Marcus Johns answered on 17 Jun 2014:
If I was being really optimistic I would say that in 10 years time we’ll be able to heal or regrow any part of a person either in their body or in a lab, thus negating the requirement for machines that help organs damaged organs, such as an iron lung or dialysis machine, and for inorganic implants. However, I think this will take a little longer to achieve – perhaps 40-50 years to perfect in a lab and 70+ years to bring to a commercial scale.
In reality, I think we’ll be able to repair basic tissue types – bone and skin – this way in the lab in 10 years but more work will be required for more complicated tissue types and whole organs, and to bring the technology to a point where it will become routine in hospitals.
I also think that synthetic implants, such as hip or knee replacements, will be significantly better than they are now. Researchers now know that bone needs an evenly distributed constant load across it in order to regenerate correctly. Current joint replacements don’t distribute the load well, leading to areas where the bone weakens and effectively disappears, meaning that the replacement has to be replaced. Future replacements shouldn’t have this problem.
I’m not exactly sure where I’ll be in 10 years time. I finish my PhD in 2 years and currently think that I’ll go into academia, i.e. become a lecturer, rather than going into industry but I tend to make impulsive decisions so can’t guarantee this.
I also don’t know whether I’ll be working in the same field of research as I do now. At heart I’m a material scientist that enjoys working with chemicals that originate from plants. The work that I’m currently doing is just one aspect of this; whether I continue with it after my PhD remains to be seen.
Claire Brockett answered on 17 Jun 2014:
I hope medical engineering will be a more popular career choice than it is now, and hopefully more people will know about it.
In terms of what we’re doing, I agree with Marcus – the medical engineering field is certainly moving a long way, and being able to repair tissue, rather than replace it would be a great achievement. Tissue engineering and regenerative medicine are both areas associated with medical engineering that would help achieve this.
If I think about my specialist area – joint replacement – then eliminating the need for these would be ideal. But, as well as improving the treatment technology, we also need to work with doctors and other health care providers to improve diagnosis. Lots of these diseases and damage occur over a long period of time, so if we could see it sooner, then we might treat it sooner.
As for me… I love working in academia, so I will hopefully still be at a university somewhere, running my own research group. It will still be based around joints, but I might be looking much more at repairing the body rather than replacing bits!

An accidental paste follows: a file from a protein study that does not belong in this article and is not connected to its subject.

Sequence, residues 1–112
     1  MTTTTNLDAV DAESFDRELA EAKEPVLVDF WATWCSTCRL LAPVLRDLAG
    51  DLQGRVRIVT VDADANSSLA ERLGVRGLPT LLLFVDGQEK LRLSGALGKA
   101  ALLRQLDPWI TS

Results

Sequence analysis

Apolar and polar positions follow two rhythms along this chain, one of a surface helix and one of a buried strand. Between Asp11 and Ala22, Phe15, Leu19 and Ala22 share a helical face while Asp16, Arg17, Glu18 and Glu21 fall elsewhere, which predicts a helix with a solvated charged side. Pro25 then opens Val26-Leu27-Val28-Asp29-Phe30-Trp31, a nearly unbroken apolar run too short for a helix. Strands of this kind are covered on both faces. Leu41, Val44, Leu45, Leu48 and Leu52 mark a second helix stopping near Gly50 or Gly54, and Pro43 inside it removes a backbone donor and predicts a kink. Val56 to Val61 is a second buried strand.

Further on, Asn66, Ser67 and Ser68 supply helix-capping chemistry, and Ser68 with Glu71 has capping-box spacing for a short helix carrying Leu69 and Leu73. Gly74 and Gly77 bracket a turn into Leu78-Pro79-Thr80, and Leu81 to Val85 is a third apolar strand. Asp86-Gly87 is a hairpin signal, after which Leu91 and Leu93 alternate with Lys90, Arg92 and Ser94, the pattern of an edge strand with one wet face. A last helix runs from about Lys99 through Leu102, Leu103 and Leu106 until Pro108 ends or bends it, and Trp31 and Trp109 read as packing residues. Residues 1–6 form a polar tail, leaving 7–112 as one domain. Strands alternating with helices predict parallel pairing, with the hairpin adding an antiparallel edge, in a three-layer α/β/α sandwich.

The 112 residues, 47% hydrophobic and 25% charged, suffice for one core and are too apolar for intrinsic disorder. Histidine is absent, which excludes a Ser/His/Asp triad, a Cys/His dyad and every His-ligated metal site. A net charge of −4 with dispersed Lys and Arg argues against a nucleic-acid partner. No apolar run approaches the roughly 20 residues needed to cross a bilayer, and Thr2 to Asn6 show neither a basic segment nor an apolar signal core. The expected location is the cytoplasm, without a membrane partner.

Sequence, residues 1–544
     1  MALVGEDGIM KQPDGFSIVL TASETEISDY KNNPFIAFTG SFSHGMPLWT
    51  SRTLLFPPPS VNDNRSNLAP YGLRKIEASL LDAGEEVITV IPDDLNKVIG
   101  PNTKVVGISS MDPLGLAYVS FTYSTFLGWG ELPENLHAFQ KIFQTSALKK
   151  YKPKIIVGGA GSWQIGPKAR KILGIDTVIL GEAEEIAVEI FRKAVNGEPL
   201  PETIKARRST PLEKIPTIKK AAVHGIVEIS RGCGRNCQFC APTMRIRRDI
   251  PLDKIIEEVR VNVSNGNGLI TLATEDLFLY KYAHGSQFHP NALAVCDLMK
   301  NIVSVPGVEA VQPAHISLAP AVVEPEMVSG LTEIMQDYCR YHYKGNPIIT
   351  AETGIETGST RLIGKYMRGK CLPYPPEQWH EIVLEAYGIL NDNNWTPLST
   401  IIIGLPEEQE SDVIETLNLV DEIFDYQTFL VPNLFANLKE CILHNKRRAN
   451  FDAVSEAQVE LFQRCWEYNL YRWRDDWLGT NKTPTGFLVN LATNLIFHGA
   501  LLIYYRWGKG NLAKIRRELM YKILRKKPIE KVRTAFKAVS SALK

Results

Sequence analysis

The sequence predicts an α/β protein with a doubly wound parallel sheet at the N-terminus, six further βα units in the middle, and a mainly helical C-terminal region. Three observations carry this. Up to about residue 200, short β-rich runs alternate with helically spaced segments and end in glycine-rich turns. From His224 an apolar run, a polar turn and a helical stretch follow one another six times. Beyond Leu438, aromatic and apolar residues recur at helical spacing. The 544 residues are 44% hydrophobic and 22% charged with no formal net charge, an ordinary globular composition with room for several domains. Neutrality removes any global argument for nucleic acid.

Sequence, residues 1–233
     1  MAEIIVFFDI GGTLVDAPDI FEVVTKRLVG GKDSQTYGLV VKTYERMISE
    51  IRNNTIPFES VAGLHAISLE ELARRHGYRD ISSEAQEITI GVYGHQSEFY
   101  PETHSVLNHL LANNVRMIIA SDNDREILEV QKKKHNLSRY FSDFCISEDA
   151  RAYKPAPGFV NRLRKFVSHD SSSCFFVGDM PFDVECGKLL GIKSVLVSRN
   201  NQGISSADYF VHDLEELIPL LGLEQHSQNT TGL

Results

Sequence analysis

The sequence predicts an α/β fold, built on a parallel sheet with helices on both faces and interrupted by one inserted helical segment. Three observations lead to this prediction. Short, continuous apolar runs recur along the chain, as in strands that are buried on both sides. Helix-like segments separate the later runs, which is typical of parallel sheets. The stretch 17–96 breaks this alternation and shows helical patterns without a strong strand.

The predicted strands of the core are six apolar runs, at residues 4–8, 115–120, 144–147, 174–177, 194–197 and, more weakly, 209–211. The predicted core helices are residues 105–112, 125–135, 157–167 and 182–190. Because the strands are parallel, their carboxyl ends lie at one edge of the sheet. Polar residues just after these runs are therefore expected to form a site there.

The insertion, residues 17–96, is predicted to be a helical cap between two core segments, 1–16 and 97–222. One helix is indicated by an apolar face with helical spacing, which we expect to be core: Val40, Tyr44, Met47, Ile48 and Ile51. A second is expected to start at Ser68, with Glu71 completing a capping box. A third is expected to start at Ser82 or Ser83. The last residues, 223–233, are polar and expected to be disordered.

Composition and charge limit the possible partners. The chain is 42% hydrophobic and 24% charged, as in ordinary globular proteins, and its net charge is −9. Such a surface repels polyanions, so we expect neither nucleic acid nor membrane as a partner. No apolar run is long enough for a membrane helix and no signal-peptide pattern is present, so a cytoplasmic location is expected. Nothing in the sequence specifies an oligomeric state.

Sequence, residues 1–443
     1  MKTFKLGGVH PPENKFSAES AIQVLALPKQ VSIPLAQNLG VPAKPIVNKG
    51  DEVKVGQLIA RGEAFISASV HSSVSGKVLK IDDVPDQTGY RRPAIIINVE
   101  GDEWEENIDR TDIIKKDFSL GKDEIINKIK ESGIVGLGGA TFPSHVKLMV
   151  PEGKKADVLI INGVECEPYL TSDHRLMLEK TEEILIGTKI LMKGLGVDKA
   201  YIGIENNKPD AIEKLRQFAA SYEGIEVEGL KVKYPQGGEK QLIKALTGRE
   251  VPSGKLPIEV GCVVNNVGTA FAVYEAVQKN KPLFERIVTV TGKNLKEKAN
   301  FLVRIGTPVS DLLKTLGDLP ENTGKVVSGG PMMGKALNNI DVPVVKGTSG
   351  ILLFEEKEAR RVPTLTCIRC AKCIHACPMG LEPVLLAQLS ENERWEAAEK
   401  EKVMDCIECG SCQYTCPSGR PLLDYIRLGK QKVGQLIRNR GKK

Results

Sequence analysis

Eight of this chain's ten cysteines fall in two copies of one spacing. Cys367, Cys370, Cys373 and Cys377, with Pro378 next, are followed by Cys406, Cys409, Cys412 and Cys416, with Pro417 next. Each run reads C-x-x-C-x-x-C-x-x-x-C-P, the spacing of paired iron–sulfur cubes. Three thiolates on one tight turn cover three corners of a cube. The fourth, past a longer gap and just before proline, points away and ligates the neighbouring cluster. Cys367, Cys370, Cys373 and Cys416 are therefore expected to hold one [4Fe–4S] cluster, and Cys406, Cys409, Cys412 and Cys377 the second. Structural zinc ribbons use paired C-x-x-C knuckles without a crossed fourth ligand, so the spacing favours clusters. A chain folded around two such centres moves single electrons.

Alex Lyness answered on 17 Jun 2014:
What a question that is… who truly knows?!
If you can even image what has happened over the last 10 years with things like wifi, touch screens and electric vehicles it’s really difficult to predict what will happen in the future. One thing is for sure, there will be a lot of people on the planet (8 billion+) and there will still be diseases and injuries that need treating.
I think in 2024 regenerative medicine and cell therapies (using patients own cells to repair or restore function to parts of the body) will, hopefully, be used to treat all different kinds of problems. Also there will be cleverer ways or targeting drugs and dose sizes to treat people (this is called ‘personalised medicine’). We might also be able to do even cleverer things such as gene therapies. All of these treatments will be possible eventually given enough resource, funding and computer power. Some will take 10 years and others may take longer.
In 10 years time I would like to be in charge of my own (or someone else’s) company in the healthcare field that creates innovative devices that make people better. I want to do this as I think it’ll make me very happy… my Mum and Dad want me to do this as they think it’ll make me very rich!
Kate Niehaus answered on 21 Jun 2014:
A current challenge with the type of work I do (using data and analysis to predict human disease) is that doctors often feel threatened by these “predictive” technologies because they think they will take their jobs. What I hope is that over the next ten years they come to better appreciate how these technologies can help them – computers are good at some tasks, and humans are good at others. It would be much better to let the humans focus on the tasks in which they excel!
I’d hope to see myself at an exciting medical technology company that is making cost-effective (meaning, basically, good value for money) diagnosis or treatment or monitoring tools for health. Most likely in California 🙂
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